On September 22, our Discipleship Training School outreach team slowly motored up to the dock of the tiny village Palma Bahia with an overwhelming sense of anxiety. A two-hour boat ride from the YWAM Panama Outpost had brought us on the cusp of our new home for the next eight days. Or so we hoped.
The question weighing on the minds of all ten team members was, “Would we be accepted by this village?” Arrangements for our stay had been made in advance, but during times of prayer, we felt our team may need to overcome rejection at some point during our outreach.
The closer we got to shore, the larger the group of children grew in order to see us, the hopeful visitors. A stern looking older man walked out to meet our boat at the end of the dock.
After a few minutes of intense discussion, the man we came to know as Hermin, warmly welcomed us to Palma Bahia. We were accepted! And so began eight days of adventure, that would prove to be a testament of God’s love.
Once unpacked for our stay, we went about determining our sleeping arrangements. But finding room to safely hang our ten hammocks certainly proved to be quite the challenge in the modest grass-roof jungle-hut just outside the village. Eventually, we found room to hang each of the hammocks at various heights to create more space.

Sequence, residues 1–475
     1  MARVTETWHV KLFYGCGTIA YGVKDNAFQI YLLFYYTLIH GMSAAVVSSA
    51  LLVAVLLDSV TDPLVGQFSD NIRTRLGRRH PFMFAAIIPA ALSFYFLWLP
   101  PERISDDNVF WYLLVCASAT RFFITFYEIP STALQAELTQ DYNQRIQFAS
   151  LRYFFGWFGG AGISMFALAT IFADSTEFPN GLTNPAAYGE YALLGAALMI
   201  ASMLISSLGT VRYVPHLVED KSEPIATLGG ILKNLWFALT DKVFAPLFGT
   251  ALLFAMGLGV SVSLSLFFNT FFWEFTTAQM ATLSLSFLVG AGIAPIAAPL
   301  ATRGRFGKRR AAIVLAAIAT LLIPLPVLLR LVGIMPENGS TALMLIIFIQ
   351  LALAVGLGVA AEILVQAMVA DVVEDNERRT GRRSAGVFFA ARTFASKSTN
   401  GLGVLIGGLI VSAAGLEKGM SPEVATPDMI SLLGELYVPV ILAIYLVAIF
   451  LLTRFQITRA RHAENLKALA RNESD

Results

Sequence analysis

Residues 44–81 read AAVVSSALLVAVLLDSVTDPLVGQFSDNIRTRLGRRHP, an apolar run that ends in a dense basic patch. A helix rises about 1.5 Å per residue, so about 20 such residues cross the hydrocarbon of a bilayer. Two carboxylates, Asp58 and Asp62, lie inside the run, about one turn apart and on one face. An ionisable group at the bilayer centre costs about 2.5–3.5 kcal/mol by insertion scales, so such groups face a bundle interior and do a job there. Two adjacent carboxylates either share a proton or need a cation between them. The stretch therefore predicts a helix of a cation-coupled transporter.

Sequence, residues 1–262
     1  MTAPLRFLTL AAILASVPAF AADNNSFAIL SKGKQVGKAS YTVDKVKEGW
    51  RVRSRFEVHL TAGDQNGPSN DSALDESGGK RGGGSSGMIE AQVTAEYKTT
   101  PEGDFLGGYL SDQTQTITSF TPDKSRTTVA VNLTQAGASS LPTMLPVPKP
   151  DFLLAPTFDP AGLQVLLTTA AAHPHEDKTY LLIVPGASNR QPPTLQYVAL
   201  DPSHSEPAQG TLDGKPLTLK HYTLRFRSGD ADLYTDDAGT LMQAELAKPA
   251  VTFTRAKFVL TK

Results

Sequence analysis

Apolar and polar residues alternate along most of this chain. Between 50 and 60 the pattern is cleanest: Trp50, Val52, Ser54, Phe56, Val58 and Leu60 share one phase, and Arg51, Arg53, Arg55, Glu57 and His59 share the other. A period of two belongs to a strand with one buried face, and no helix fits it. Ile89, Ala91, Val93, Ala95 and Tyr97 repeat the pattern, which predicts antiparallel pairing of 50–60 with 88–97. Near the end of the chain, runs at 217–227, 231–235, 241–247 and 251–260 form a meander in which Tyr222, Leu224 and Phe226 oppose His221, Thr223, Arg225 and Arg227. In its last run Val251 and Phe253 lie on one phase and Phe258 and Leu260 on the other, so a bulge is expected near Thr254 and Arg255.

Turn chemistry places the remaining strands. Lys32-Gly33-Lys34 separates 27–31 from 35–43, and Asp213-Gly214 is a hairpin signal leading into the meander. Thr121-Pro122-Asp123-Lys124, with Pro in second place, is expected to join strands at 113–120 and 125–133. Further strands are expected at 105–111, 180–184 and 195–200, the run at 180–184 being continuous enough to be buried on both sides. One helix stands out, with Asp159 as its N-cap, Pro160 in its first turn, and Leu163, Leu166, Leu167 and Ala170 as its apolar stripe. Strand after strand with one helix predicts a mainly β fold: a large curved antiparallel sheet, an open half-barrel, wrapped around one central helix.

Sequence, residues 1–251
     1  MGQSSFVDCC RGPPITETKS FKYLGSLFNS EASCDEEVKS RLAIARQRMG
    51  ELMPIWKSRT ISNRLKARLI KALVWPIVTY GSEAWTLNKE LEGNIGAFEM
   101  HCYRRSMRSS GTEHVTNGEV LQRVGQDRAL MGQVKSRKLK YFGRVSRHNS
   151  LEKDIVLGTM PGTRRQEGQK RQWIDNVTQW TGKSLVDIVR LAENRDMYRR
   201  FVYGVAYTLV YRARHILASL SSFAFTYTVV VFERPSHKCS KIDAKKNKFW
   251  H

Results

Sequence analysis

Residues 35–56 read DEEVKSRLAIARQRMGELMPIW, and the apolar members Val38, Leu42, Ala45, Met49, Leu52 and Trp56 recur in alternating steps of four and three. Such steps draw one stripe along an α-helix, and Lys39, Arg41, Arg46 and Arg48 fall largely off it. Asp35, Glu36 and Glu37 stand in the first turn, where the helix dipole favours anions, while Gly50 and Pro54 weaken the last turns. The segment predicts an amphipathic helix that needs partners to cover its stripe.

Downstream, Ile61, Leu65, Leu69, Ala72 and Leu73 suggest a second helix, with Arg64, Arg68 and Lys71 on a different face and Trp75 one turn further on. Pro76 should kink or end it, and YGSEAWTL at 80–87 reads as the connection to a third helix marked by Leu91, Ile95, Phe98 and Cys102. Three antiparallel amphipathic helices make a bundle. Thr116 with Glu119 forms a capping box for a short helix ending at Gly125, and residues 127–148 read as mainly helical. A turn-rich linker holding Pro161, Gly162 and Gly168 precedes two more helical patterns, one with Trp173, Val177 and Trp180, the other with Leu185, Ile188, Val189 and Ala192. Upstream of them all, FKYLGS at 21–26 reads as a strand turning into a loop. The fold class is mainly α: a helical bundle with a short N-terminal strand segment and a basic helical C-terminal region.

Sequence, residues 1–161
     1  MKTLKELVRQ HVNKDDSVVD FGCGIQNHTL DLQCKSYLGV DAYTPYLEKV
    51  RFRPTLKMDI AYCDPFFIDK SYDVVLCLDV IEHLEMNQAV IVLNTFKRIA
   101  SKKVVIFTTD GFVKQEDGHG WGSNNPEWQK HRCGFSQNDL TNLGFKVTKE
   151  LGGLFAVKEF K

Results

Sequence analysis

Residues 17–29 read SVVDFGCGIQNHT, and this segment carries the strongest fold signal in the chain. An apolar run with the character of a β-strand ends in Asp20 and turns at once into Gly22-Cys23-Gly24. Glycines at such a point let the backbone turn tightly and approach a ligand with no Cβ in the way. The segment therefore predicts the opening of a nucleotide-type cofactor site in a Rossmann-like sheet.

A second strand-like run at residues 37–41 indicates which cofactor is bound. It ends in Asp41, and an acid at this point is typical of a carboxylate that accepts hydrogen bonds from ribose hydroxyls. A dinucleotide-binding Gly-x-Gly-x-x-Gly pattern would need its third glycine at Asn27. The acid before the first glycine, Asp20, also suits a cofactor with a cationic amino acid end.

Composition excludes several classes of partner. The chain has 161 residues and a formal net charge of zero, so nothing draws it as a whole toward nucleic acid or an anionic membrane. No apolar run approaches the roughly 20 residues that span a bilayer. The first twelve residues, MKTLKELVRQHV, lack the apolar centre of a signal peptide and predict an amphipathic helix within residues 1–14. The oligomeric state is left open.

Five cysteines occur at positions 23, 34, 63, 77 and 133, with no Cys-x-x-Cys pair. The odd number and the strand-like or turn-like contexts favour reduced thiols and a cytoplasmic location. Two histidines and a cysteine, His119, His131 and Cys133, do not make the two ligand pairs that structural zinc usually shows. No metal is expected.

Our team was very thankful for the lodging however, as a village leader had graciously offered his home while he was away. The accommodations were also a humble reminder of the luxuries many of us take for granted in our home towns.
The following day we began what became our regular routine of a morning ride into town, returning home for lunch, then making our way back to the village in the afternoon to continue our work. The unusual part of our commute though, was the fact it came in the form of an old wooden canoe with a motor.
Multiple holes in the boat and our inexperience with balancing in a canoe ensured our daily rides were never boring. By the end of the stay however, several team members considered our commute to be one of the highlights each day. This was easy to understand when looking at the silhouettes of mountains in the distance and the most epic cloud formations any of us had ever seen.
The beauty of God’s creation in the surrounding area was certainly undeniable, but so to were the pressing needs of the village. Ironically, Palma Bahia was surrounded by ocean water, but sorely lacked water clean enough for drinking and cooking. This reality contributed directly to high infant mortality rates throughout the country, particularly in indigenous locations.
We came to learn that children in communities throughout Panama are called “Chi Chi” until the age of two when they are finally given a formal name. Calling their children Chi Chi, creates an emotional buffer until the parents are confident their child is healthy and thriving.
We also learned opportunities for work were hard to come by for the men of the village, as a boat ride to the nearest places of employment often cost more than a day’s wage. Lastly, after spending more time with the people of Palma Bahia, our team sensed a feeling of hopelessness over the community, particularly from the women of the village.
Prayerfully, our team set out to address these issues.
(To be continued.)
By Scott Dye
Port YWAM Kona Alumni